AMA Backs Policy Proposals to Cover More of the Uninsured
Published: Friday, November 20, 2020 10:11 am
CHICAGO -- The American Medical Association (AMA) House of Delegates adopted principles today supporting public policy approaches that have the potential to expand insurance coverage to millions of the uninsured, including those who have lost their coverage during the COVID-19 pandemic.
Most notably, the AMA supported auto-enrollment as a strategy to cover many of the remaining uninsured who have coverage options available to them at no cost after any applicable subsidies. As such, eligible individuals could potentially be auto-enrolled in Medicaid/CHIP or zero-premium ACA marketplace coverage. The AMA sees tremendous potential in proposed improvements to the Affordable Care Act (ACA) - as outlined in the AMA proposal for reform - and believes that auto-enrollment in combination with these improvements can maximize coverage gains.
Elimination of the federal individual mandate penalty under the ACA as well as the job losses from COVID-19 have given impetus to alternative approaches to maximize coverage rates. A significant number of uninsured Americans are eligible for no- or low-cost coverage but are not enrolled. Before the COVID-19 pandemic, nearly 60 percent of the nonelderly uninsured population was eligible for - but did not take advantage of -- financial assistance, either through Medicaid or the Children's Health Insurance Program, or via premium tax credits to purchase marketplace coverage as provided for under the Affordable Care Act. As a result, there is a clear opportunity to auto-enroll many of these individuals in coverage that would be of no cost to them. Auto-enrollment can be an essential tool during the pandemic, as state unemployment programs could be leveraged to identify people who lose their employer-sponsored coverage to get covered in other ways.
The AMA also adopted safeguards to guide the development of proposals that would establish a public option. While ACA improvements, if implemented, could achieve significant coverage gains on their own, the AMA recognized that a public option has the potential to provide patients with more health plan choice.
"A public option should not be seen as a panacea to cover the uninsured. It should not be used to replace private insurance; rather it can be used to maximize competition. With appropriate guardrails, the AMA will examine proposals that would provide additional coverage options to our patients," said AMA President Susan R. Bailey, M.D.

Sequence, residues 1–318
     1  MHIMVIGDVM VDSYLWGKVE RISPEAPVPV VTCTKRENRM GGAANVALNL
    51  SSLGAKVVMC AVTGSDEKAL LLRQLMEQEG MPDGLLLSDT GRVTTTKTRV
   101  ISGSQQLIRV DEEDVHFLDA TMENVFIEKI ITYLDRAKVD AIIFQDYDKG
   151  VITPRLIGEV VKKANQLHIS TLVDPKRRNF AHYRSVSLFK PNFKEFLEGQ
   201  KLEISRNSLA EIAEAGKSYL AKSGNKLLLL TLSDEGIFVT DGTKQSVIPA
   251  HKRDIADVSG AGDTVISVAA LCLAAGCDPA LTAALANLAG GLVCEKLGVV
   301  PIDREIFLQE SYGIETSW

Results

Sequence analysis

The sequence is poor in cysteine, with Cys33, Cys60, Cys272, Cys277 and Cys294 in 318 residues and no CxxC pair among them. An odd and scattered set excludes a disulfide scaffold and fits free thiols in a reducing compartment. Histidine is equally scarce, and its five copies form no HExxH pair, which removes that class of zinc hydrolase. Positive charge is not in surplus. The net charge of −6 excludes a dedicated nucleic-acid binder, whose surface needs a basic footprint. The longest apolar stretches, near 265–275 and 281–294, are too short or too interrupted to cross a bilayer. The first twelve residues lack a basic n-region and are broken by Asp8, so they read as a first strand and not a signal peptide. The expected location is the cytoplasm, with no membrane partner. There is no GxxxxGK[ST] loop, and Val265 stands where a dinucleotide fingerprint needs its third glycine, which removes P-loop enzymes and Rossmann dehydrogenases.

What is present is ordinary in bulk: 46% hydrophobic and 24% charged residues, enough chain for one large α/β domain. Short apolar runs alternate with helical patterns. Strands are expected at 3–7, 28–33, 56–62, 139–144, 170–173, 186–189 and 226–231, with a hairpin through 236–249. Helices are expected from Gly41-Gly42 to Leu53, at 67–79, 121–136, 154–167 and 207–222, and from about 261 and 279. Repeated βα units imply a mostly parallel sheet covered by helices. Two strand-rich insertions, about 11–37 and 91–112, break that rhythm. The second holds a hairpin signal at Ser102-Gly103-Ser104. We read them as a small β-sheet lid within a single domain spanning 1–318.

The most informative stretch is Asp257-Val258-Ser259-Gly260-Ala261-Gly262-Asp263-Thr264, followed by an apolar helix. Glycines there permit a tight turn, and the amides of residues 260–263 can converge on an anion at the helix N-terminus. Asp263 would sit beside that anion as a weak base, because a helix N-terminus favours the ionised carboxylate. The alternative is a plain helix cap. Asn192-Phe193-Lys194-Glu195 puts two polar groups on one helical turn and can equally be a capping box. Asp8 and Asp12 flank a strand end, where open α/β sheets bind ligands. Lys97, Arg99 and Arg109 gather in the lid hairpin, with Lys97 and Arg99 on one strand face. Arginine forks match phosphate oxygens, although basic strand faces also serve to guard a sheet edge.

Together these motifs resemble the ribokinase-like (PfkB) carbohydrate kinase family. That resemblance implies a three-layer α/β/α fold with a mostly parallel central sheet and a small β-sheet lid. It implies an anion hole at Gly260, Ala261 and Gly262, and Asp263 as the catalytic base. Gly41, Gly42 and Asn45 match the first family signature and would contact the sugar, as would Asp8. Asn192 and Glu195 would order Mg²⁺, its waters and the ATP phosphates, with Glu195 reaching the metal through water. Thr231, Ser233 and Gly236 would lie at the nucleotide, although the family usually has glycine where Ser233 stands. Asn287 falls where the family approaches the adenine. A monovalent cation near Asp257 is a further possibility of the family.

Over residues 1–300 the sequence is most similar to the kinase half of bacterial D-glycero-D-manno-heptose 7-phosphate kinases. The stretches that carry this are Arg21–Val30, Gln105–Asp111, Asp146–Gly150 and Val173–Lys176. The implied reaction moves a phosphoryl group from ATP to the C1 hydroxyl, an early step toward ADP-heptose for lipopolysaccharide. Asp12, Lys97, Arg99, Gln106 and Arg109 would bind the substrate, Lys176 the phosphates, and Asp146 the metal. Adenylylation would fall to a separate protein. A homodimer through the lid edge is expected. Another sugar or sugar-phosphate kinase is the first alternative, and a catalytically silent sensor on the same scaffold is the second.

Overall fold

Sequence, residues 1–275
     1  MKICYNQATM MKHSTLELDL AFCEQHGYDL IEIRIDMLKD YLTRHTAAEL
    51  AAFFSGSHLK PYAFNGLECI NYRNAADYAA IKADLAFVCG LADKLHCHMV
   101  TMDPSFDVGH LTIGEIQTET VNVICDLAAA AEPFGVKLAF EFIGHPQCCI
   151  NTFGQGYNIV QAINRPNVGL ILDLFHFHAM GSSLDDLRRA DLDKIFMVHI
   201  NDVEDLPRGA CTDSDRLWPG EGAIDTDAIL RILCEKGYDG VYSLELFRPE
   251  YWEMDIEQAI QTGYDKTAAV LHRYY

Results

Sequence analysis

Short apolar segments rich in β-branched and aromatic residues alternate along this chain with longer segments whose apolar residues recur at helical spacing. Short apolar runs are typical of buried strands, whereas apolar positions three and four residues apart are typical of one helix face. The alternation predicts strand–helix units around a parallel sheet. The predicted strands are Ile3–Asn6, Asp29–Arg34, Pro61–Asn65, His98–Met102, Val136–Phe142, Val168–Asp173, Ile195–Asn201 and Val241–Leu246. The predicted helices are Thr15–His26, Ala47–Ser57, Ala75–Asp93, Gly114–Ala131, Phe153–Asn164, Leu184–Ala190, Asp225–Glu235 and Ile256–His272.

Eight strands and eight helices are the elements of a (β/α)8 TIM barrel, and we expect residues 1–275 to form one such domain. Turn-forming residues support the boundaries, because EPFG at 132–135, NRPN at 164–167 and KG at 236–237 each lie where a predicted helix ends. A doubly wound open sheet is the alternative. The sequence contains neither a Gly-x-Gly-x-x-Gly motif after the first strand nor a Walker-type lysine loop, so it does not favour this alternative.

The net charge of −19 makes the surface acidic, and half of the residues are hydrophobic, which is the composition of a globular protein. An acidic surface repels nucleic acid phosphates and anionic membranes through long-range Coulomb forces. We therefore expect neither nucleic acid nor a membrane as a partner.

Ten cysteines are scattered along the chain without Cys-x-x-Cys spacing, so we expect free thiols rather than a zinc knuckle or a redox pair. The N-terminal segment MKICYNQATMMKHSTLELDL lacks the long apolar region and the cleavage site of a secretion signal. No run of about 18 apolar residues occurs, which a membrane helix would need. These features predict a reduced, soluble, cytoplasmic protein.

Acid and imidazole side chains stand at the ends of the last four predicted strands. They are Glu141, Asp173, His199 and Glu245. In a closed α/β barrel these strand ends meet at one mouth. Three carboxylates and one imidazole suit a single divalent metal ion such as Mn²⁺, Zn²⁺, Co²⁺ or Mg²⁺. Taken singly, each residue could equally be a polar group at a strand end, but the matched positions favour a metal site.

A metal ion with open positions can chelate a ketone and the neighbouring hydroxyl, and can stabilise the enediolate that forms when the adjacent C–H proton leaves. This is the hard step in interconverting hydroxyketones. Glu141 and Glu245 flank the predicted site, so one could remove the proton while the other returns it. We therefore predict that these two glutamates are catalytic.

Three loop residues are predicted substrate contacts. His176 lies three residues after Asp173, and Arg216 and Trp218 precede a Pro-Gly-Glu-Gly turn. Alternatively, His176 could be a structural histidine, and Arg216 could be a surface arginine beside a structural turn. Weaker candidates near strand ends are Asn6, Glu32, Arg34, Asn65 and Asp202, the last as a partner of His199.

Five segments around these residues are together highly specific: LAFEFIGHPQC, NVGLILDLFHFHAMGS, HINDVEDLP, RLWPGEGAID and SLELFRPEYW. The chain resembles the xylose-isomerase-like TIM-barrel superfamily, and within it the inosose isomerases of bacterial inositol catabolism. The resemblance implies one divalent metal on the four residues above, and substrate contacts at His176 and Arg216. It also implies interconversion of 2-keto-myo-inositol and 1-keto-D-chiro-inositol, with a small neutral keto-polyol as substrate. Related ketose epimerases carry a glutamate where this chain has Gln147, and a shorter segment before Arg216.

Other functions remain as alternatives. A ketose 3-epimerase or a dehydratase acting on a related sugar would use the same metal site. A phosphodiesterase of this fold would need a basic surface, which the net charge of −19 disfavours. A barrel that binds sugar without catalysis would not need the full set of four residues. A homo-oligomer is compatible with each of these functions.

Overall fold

A public option has the potential to serve as another health plan choice for those only with unaffordable coverage options, many of whom remain uninsured. Significantly, the AMA believes a public option shall be made available to uninsured individuals who fall into the "coverage gap" in states that do not expand Medicaid - having incomes above Medicaid eligibility limits but below the federal poverty level, which is the lower limit for premium tax credits - at no or nominal cost. Individuals who have access only to unaffordable employer coverage would be eligible for financial assistance to purchase coverage on the ACA marketplaces - to purchase either a private ACA marketplace plan, or a future, potential public option. Any public option should compete on an even playing field with private ACA marketplace plans. Similar to what is experienced with private health plans, payment rates under any public option need to be established through meaningful negotiations and contracts. Physician freedom of practice must be maintained and public option proposals should not require physician participation. Public options also should be financially self-sustaining and not receive advantageous government subsidies compared to other health plans.
"The AMA believes that now is the time to build upon the ACA to cover more of the uninsured. We look forward to being at the table to represent physicians and our patients to ensure that our patients are able to secure affordable and meaningful coverage, and access the care that they need." Bailey said.